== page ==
Pseudocraters and lava castles
In the summer of 1991, one of us
(Jónsson, D.) observed pseudocraters and
a peculiar lava flow east of Helgafell, near
Hafnarfjörður, which we call Litluborgir.
Since then, we have visited the place
several times. It is a kipuka surrounded by
younger lava flows, quite small, or
approximately 70.000 m2. At the north side
of the area, there are pseudocraters built
up of scoriaceous lava, lava slag and
diatomaceous sediment, evidently deriving
from underneath the craters and thus
proving the existence of a former lake.
Presumably, the eruption occurred in early
postglacial time. The lava is tholeitic and
of a pahohoe type.
The lava flow strongly reminds of
Dimmuborgir at Mývatn, Northern Iceland,
previously described by Barth (1942).
There, a former lava lake has been drained
and has a "considerable number of lava
pillars standing up as ragged peaks". The
area has later been mentioned by Thor-
arinsson (1951), van Bemmelen and Rutten
(1955), and most recently by Kristján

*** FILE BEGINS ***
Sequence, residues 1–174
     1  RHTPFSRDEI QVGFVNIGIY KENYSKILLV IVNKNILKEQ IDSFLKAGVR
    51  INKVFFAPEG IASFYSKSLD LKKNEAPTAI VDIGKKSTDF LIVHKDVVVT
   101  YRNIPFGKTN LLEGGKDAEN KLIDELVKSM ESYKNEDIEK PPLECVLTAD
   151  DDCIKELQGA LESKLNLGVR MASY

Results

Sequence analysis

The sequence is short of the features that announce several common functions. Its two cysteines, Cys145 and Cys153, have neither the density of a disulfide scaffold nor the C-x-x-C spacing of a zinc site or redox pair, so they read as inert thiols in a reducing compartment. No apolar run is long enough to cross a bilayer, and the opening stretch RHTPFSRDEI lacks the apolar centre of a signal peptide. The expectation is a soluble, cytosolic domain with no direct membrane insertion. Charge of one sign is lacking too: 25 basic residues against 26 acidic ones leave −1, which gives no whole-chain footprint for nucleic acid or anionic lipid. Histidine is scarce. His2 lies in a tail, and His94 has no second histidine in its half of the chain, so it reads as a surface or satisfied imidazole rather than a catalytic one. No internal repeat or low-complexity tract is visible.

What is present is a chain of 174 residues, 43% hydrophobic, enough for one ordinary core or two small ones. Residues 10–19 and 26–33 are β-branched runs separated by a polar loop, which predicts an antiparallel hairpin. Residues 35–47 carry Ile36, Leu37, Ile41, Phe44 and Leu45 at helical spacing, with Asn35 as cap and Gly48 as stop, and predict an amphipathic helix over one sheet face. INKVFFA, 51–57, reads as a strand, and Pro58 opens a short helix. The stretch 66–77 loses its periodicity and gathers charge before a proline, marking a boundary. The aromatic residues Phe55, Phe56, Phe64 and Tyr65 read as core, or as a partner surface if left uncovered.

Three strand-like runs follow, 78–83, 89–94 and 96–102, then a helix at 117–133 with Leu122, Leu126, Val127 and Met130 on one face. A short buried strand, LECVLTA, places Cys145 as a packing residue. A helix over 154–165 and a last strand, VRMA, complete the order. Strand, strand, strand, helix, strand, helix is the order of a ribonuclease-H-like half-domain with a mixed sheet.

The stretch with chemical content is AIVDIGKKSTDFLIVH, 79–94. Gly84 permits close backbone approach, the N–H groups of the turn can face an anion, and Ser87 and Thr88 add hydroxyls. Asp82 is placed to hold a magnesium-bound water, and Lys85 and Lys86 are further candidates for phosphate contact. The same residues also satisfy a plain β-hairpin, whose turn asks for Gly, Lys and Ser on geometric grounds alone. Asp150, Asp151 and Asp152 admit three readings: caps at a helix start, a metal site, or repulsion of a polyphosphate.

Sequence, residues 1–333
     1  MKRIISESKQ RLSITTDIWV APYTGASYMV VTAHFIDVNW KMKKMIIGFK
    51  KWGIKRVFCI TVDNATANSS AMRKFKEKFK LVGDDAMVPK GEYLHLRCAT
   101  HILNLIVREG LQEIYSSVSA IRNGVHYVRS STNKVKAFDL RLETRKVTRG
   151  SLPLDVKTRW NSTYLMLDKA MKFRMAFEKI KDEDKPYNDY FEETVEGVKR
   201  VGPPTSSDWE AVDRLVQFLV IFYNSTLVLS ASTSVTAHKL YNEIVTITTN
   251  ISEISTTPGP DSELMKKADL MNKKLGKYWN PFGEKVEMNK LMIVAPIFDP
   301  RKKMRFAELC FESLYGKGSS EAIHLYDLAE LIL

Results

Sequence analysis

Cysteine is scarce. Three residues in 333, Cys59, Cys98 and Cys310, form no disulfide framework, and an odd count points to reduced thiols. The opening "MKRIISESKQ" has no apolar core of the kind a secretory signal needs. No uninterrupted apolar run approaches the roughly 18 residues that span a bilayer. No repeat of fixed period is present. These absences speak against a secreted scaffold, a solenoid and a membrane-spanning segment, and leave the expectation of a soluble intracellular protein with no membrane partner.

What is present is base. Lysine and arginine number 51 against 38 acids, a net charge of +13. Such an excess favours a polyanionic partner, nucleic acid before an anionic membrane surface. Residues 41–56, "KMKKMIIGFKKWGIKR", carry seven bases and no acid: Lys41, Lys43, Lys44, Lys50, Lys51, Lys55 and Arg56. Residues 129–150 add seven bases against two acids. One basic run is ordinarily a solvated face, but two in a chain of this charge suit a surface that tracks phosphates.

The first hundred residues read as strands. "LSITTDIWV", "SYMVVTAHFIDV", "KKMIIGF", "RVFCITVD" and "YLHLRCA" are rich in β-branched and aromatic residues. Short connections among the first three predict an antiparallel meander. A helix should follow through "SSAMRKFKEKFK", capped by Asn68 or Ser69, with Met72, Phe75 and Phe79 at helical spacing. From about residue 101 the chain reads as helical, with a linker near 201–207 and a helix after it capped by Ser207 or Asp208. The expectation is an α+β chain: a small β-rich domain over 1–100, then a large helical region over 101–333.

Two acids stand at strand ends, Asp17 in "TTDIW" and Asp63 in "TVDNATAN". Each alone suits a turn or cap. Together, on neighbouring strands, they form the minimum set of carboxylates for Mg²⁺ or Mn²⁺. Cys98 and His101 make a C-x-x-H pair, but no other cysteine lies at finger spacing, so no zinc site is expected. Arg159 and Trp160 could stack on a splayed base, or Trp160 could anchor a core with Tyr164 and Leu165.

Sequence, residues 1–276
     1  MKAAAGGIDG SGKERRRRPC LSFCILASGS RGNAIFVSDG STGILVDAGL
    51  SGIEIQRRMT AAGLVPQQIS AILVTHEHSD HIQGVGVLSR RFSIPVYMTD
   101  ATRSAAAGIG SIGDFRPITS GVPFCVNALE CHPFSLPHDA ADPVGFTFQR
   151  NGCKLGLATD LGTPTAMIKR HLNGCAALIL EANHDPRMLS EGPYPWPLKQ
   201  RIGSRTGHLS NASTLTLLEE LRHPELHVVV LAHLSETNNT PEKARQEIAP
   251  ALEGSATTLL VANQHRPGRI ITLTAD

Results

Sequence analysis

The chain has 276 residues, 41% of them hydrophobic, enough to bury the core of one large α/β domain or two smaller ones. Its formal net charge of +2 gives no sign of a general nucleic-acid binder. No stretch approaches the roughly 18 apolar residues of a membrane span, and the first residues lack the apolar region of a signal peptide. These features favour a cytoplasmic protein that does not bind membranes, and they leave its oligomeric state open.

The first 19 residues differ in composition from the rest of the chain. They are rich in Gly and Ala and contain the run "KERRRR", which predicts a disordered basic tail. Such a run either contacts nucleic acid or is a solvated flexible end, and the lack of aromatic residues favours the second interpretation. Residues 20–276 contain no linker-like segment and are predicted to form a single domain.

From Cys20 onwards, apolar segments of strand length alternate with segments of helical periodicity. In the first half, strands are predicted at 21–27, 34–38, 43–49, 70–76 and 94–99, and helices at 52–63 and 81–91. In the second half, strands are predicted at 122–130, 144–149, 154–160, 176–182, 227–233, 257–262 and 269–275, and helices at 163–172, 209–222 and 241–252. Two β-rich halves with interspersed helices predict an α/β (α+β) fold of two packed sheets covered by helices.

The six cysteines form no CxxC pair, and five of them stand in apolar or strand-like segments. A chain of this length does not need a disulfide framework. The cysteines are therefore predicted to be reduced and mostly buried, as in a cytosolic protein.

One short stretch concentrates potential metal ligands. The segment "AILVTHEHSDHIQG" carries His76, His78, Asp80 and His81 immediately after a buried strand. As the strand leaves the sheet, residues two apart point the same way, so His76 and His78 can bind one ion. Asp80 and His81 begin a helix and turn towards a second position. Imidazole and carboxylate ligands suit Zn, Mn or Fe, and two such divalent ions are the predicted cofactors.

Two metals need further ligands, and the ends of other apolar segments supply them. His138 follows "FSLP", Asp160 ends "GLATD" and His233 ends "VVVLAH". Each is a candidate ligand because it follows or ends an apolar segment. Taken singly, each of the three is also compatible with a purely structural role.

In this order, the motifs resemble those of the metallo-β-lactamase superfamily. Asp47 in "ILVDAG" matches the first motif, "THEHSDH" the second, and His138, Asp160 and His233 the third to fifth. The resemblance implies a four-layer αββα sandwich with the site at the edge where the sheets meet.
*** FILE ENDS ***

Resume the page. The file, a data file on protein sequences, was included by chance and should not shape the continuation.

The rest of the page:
Sæmundsson (1991). None of the above-
mentioned authors seems to have found an
explanation of the formations of the lava
pillars (Borgir), nor of the fact why they
"remained standing when the crust around
them sank because the Hquid lava ran out
below it" (Barth op. cit. p. 66).
From our investigations at Litluborgir,
we have corae to following conclusion: At
the bottom of the lava lake underneath
lava, the powerful steam and gas
accumulated and eventually penetrated the
liquid lava, forming a sort of chimneys
through it. This caused a rapid cooling and
solidification of the lava around the gas
channels. Consequently, the lava pillars
(borg) could remain standing when the
lava lake drained.
For other peculiar secondary formations
in lava flows, first observed and described
by Karl Sapper (1908) from the crater row
east of Laki, the name sappi (sing. sappi,
plur. sappar) has been proposed (Jónsson
1983) in honour of the discoverer. At the
above-mentioned place, last summer we
observed traces of diatomaceous sediment
in and around some of the sappar, which
indicate that a lake existed there before
the eruption 1783. Therefore, sappar and
lava castles (lava pillars) seem to be
formed principally in the same way.